• I missed the workshop you did the other week, but do you have any handouts on a totally unrelated topic that I could have?
  • I know the assignment for our research methods final paper was a critical history of one of the texts on the exam list, but I was wondering, could I just write about how I think one of the most prominent critic approaches to this text is completely wrong?
  • My high school teacher said that she wasn't going to teach Beowulf, even though it was in the textbook, because we wouldn't need it, since no one reads it in college, not even English majors, except for a few who are going to grad school in English. Can you believe that?
  • Is 7 pages long enough for a critical history of the last 30 years of scholarship on a major text?
  • I just realized our final is on Friday of finals week. I was hoping to leave for home on Thursday. Can I reschedule?
Move over Cranky Professor, because I may joining your cranky ranks! I am so glad the semester is almost over. Two more days to go and then the grading commences . Then after that I can refuel for the onslaught of next semester which begins a cruel three and half weeks from now.

Saturday, December 1, 2007

Insomnia + blog meme = 7 random things

I'm definitely going to have to take an Ambien tonight because it's 11 p.m. and I feel like it's about 7 p.m. But first, before I make offerings to Morpheus, Dance has tagged me for a meme. If I do it right away, I won't let it slip like I generally do all other memes.

So, forthwith, here are 7 strange and random things about me. (Note: I think that's "random" in the colloquial sense -- seemingly unrelated, perhaps quirky -- and not in the technical sense, because if I'm deliberating coming up with these things they're not random, right?)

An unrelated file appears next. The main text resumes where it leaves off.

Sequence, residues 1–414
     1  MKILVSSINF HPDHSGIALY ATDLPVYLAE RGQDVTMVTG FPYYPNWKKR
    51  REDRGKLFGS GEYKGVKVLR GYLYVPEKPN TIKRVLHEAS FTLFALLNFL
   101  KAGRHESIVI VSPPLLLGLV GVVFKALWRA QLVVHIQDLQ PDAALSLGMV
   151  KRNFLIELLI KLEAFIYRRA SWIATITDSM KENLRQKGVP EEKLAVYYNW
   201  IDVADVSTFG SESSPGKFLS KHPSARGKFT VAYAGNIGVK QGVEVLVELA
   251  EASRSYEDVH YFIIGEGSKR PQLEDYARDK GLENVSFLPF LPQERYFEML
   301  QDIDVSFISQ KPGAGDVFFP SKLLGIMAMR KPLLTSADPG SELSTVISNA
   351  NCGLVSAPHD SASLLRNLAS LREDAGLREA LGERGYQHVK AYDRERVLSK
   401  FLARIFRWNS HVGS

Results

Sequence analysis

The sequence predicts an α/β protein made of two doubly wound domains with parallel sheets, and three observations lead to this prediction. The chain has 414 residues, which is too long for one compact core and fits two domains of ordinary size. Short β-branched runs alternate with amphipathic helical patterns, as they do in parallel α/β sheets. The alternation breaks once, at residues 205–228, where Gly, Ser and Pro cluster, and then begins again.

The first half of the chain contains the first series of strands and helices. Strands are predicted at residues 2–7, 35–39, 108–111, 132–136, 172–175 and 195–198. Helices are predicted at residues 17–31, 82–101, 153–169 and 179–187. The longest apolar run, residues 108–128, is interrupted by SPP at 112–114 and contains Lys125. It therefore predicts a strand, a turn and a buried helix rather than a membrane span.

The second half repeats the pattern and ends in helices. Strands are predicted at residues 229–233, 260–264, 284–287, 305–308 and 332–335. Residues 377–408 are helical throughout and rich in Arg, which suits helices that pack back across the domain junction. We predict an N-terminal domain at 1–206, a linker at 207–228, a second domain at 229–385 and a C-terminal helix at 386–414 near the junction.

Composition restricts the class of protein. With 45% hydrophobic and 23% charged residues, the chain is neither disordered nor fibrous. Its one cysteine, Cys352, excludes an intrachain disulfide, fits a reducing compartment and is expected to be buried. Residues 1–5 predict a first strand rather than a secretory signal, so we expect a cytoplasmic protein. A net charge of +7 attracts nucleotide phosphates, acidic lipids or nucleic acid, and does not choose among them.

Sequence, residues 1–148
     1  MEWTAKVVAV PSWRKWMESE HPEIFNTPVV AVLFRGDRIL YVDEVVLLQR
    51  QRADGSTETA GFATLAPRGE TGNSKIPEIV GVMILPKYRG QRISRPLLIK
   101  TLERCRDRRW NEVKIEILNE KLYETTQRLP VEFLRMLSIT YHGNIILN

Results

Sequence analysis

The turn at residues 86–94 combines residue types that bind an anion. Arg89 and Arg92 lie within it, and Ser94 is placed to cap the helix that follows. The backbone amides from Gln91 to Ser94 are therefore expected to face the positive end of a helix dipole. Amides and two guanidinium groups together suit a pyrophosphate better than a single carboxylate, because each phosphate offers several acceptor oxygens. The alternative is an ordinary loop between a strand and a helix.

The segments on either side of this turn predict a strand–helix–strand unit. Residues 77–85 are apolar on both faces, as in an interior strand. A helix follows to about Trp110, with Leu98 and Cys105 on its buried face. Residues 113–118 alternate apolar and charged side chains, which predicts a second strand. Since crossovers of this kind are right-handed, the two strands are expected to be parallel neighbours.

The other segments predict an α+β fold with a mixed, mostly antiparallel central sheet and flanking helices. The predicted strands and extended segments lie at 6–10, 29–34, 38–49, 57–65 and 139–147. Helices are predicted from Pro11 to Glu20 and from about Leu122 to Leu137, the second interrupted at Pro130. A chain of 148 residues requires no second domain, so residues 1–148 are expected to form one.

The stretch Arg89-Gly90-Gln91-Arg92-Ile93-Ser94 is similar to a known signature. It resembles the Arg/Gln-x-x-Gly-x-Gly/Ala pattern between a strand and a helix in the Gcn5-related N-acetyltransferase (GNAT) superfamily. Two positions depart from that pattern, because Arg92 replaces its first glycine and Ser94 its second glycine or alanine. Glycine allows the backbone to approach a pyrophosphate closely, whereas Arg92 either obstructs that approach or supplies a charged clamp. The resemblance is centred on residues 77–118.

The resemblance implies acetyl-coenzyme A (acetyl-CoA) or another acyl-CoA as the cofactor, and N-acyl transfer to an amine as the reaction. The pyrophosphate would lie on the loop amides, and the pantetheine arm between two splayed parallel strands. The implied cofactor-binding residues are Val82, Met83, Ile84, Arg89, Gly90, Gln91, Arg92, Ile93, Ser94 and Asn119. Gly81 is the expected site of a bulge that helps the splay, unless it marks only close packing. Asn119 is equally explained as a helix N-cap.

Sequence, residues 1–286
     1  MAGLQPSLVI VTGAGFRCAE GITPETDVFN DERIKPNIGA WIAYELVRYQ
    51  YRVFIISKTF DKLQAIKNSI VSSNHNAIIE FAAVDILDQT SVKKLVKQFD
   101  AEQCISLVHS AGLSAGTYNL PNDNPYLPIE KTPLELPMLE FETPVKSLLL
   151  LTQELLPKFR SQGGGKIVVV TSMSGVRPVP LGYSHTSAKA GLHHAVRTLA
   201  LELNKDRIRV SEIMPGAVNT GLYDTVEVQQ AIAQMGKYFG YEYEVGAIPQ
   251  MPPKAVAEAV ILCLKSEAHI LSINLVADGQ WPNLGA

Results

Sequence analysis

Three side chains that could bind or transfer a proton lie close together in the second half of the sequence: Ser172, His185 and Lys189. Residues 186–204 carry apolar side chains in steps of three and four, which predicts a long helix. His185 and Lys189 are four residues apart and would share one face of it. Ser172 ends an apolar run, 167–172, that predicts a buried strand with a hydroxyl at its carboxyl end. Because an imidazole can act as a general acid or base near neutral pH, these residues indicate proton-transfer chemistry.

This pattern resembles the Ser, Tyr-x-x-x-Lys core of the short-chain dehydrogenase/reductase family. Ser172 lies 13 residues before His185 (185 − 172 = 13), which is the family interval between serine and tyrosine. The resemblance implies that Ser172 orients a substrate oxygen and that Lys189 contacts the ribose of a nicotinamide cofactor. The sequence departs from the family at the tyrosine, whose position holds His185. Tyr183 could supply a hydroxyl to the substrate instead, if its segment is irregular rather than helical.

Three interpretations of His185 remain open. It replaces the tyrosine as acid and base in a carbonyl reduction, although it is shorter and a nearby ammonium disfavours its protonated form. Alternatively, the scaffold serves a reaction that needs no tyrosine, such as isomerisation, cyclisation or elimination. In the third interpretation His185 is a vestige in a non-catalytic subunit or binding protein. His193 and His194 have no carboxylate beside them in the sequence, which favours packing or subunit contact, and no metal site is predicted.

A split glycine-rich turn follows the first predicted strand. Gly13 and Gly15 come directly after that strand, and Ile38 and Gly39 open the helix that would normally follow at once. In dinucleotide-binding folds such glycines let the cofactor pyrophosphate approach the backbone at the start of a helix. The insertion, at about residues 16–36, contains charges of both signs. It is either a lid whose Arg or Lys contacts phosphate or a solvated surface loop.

1. I freak out when any TV show, book, or movie mentions internal bleeding or organ failure. Since I like police procedurals, this happens more often that you'd think.

2. I remember the very first moment I consciously realized what emotional intimacy was outside of a family relationship. (Or maybe it's just the first moment I remember.) I was in 2nd grade and playing with my friend Teresa. She was showing me something to do with one of her dolls or stuffed animals that only she knew -- some bald patch in its hair or something like that -- and I was suddenly struck with a sense of the two us being alone in the world, but connected. I don't remember the external details very clearly, but I remember the feeling of warmth.

3. I can't say the word "breadth" right. I can't make it sound different from "breath."

4. I have been flirted with by an orangutan named Bruno.

5. I once briefly had a crush on a friar named Brother Mike. (Hey, he was smart and funny and not at all like the butt of medieval anti-fraternal satire.)

6. I sometimes play Scrabble by myself; it's a habit picked up from my mother. [Updated to add: Not the online kind, but the old fashioned three-dimension kind with the wooden letters.]

7. I love the logic games on the GRE.

The rules of the meme:
1. Link to the person that tagged you and post the rules on your blog.
2. Share 7 random and/or weird things about yourself.
3. Tag 7 random people at the end of your post and include links to their blogs.
4. Let each person know that they have been tagged by leaving a comment on their blog.

OK, I'm going to break rules 3-4 and just say that if you haven't done this meme yet (and I know many of you have at one time or another) and you want to, consider yourself tagged.